Fort Worth

Dunbar dads deliver turkeys while promoting education

Dads of Dunbar is helping lift the Dunbar High School community. The group tries to engage more parents in school activities.
Dads of Dunbar is helping lift the Dunbar High School community. The group tries to engage more parents in school activities.

Dozens of dads carrying turkeys and school information will canvas Fort Worth’s Stop Six Neighborhood to spread Thanksgiving cheer while promoting academic success on Saturday morning.

About 100 members of Dads of Dunbar are expected to pass out turkeys to families. During the walk, the fathers will reach out to students and their families to encourage parents to be more involved in schools.

“We wanted to spread cheer and generosity,” said Dunbar High School Principal Sajade Miller, adding that the turkey delivery is a kind act that helps families connect to the community and the high school that serves it.

Regina Williams, grant coordinator for Dunbar, said the fathers’ donations include more than 100 turkeys and $600. Some fathers brought the turkeys themselves while others donated dollars, she said. Fathers will also give each family a folder with district policies on attendance and discipline.

Families have been contacted that a turkey will be delivered between the hours 9 a.m. and noon. The Dads of Dunbar and staff felt this is great way to engage hard-to-reach families. The idea is to spread holiday cheer and school pride, while promoting volunteering and school attendance.

Several community leaders and local politicians are also expected to participate in the turkey delivery.

Dads of Dunbar was formed last year as Miller and his staff looked for ways to get more families involved in the school community. Miller said they put the focus on getting more dads and father figures involved because school leaders often lean on mothers, grandmothers and older sisters.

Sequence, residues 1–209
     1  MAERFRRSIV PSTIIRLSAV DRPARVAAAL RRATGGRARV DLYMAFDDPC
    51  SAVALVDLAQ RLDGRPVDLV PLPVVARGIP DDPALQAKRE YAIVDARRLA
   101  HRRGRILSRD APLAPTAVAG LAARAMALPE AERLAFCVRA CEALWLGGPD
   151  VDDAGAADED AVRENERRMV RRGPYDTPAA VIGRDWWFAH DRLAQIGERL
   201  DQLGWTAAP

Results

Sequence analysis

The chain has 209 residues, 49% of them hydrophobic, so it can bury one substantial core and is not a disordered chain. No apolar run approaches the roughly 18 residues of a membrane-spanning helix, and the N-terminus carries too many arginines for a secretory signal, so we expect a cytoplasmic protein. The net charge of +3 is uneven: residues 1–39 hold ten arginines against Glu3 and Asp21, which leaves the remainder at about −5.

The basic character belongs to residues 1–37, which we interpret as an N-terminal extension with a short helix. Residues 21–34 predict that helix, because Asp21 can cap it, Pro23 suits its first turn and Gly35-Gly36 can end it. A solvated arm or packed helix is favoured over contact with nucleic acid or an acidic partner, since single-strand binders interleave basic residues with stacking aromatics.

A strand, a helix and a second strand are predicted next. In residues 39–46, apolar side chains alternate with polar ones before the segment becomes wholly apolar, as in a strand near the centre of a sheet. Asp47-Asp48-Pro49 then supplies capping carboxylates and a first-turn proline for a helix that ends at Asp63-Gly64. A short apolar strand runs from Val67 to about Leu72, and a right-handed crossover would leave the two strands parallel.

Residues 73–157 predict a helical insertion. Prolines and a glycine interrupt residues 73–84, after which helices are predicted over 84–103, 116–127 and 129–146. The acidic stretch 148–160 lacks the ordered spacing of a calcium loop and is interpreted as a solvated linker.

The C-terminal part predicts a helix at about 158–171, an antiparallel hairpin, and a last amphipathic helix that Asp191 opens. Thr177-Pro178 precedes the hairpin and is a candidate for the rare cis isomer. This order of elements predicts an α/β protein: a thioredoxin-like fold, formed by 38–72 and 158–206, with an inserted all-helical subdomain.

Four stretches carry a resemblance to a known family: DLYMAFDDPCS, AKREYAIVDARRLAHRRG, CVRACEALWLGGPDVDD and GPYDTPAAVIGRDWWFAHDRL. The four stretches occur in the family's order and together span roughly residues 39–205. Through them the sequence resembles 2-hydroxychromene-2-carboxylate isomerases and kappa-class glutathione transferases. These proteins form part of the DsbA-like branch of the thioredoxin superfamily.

“The goal was to find a low-risk way that our fathers and our father figures could engage in their children’s education,” Miller said. Additionally, educators say that involving fathers has been found to help young men perform better in schools and make better life choices, he said.

LaTonya Copeland-Berry, family communications specialist for the Dunbar pyramid of schools, said the fathers have connected with students by showing up at school every morning to greet students with “high-fives” and being present in the school cafeteria.

“This has just blossomed into something really beautiful,” Copeland-Berry said.

The turkey delivery is the first Thanksgiving outreach for Dads of Dunbar. Throughout the year, the group has involved as many 300 fathers, Williams said.

The group held a community walk last year to promote education. They were also featured on WFAA last February.

“We are going to talk about attendance,” Miller said, adding that the days will stress the importance of coming to school. Information presented will also include grades, testing and academic programs offered at Dunbar High School.

Diane A. Smith: 817-390-7675, @dianeasmith1

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